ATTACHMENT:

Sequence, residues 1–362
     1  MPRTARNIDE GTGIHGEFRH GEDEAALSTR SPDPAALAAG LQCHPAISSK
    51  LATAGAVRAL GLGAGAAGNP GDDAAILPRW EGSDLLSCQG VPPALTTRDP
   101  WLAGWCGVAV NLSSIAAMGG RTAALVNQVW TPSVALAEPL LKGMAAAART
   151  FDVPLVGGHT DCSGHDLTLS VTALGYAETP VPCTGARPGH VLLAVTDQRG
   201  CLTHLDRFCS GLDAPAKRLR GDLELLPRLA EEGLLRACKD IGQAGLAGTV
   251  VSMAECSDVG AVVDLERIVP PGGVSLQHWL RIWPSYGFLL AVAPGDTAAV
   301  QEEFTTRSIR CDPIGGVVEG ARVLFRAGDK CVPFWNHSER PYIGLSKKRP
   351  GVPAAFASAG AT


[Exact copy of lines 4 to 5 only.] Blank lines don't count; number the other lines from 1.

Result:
   101  WLAGWCGVAV NLSSIAAMGG RTAALVNQVW TPSVALAEPL LKGMAAAART
   151  FDVPLVGGHT DCSGHDLTLS VTALGYAETP VPCTGARPGH VLLAVTDQRG